I Have Fever

As a longtime admirer and user of Mint, and someone never-quite-satisfied with the state of my RSS toolset, I was excited to find that Mint author Shaun Inman has a new project, a web-based feedreader called Fever.

Fever is an interesting kind of software: it’s not a desktop application, and it’s not a web-based service. Instead it’s a PHP application you install on your own server and thus to use it you need something capable of running PHP and MySQL. And while that “something” can be as simple as your own Mac or PC, and while the installation into that something has been made about as dead simple as such a process can be, it’s still not a process for those who find “drag the program’s icon into you Applications folder” about all the technical knowledge they want to possess. It was easy for me; I wouldn’t necessarily suggest my father take on the task.

Here’s the Fever elevator pitch:

Your current feed reader is full of unread items. You’re hesitant to subscribe to any more feeds because you can’t keep up with your existing subs. Maybe you’ve even abandoned feeds altogether. Fever takes the temperature of your slice of the web and shows you what’s hot.

That’s a pretty good description of where I was at: 128 feeds in NetNewsWire, a mixture of locals and must-reads and generic cruft, and a general lack of enthusiasm for the whole task combined with a vague feeling that if I dropped out of the flow entirely I might miss Something Important.

Fever aims to cure that malaise by sectioning your feed landscape into two big piles: the Kindling, must-read feeds like your son’s blog or news from Ward 3, and Sparks, the “inessential” feeds that serve only to pop interesting links into Fever’s automated automagical “Hot” list of items in your feed-pool that have received attention from multiple sources.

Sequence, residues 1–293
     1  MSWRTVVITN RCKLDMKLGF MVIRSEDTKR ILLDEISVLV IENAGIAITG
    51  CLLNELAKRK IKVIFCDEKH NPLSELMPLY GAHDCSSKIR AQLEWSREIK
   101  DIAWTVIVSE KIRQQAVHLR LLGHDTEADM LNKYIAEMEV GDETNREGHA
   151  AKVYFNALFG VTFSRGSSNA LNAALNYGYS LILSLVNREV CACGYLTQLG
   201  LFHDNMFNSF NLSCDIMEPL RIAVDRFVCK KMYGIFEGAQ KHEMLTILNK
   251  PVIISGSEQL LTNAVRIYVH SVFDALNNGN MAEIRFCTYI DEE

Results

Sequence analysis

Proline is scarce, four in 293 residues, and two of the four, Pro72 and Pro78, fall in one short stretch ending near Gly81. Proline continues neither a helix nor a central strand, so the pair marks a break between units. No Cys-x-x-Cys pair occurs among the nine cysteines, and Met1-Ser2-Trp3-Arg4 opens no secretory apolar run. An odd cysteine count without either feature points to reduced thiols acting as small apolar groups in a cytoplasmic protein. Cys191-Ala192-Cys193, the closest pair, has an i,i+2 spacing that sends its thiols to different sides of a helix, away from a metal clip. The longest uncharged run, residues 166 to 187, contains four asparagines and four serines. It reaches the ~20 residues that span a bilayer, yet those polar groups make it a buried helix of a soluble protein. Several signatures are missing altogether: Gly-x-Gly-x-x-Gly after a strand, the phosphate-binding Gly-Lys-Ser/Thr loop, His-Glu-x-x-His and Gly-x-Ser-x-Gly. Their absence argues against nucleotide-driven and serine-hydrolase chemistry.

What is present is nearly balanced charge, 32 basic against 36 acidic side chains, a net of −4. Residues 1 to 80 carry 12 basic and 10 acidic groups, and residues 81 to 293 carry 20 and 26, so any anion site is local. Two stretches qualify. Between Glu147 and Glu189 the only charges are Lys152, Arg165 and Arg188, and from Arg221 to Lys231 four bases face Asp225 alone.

It took me about 30 minutes to get up and running with Fever: setting up a MySQL database, installing and running a pre-flight check script that makes sure your setup is Fever-capable (a pre-customer-service masterstroke), purchasing a license ($US30), exporting my feeds from NetNewsWire and importing into Fever. I then spent some time paring down my feed list, getting rid of old feeds that never get updated, and feeds that concerns interests I no longer have.

And here is the punchline: Fever actually did for me what it said it was going to. At first I couldn’t believe it: this morning there were only 5 unread items in my “Kindling” to read when I would usually be faced with 40 or 50 unread items in NetNewsWire. I thought something was broken, and fired up NetNewsWire to see what Fever was missing. It turns out that it wasn’t missing: there really were only 5 must-read items waiting for me to read; everything else was just a lot of “cool iPhone 3GS hacks”-like posts that I was simply in the habit of scanning right over. Now, if enough authors of my “Sparks” feeds think I really oughta know about the cool iPhone 3GS hacks, then that news will show up in “Hot.” Otherwise, I never have to be bothered with it.

Suffice to say that, at least so far, I am happy with my new Fever, and it’s become my newsreader of choice.


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